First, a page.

Last week Tesla released an over-the-air Autopilot software update that enables newer Model S sedans to drive and even change lanes themselves on the highway. Cadillac’s upcoming flagship CT6 sedan will have similar hands-off driving capabilities along with vehicle-to-vehicle technology that allows it to communicate with other V2V-equipped cars. Then there’s Google’s autonomous test pods, Uber’s driverless chauffeuring aspirations, Mercedes’ self-driving semi-truck, and the countless other examples of autonomous-car research and interests that pepper our weekly helping of news. Autonomous cars are coming, and it’s time for everyone to just accept it. It might seem odd to have to state such a thing so plainly, but denial is a powerful drug. And enthusiasts tend to be heavy users. Yet technology and progress are irrepressible, so here we are. For people that love to drive, the idea of an automated car is an affront to everything they hold dear. But the truth is inescapable. If you consider building-block technologies like stability control, adaptive cruise control, lane keeping, and steer-by-wire, this shouldn’t even really be surprising. The first time I ever experienced a car that could drive itself was three years ago. I was at General Motor’s Milford Proving Grounds in a heavily modified Cadillac SRX equipped with an early version of Super Cruise, some form of which will be in the new CT6. I conducted the interview from the driver’s seat as the car competently looped around the track, in its own lane, at 60 mph (you can watch the video here). After that, it was clear: This is the future.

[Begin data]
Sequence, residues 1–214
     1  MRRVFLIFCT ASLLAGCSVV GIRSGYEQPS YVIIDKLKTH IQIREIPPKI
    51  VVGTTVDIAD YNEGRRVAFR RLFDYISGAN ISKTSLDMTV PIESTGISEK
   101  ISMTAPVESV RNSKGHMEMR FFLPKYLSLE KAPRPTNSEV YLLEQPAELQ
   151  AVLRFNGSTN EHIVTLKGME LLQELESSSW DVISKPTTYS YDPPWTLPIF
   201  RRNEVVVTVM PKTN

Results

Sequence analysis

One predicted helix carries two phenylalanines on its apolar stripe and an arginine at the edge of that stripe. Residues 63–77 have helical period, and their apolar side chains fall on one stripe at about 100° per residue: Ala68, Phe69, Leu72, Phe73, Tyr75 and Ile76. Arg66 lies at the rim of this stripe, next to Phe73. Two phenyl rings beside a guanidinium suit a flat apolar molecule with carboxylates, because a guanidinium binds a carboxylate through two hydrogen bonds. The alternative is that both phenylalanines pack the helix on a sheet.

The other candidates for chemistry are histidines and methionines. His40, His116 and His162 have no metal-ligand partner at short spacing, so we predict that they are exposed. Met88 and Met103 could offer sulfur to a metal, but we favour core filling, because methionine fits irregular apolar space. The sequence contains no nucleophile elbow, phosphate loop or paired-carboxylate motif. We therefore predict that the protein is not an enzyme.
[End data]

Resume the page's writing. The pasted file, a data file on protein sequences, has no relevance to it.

Source: Autonomous Cars Hard Truth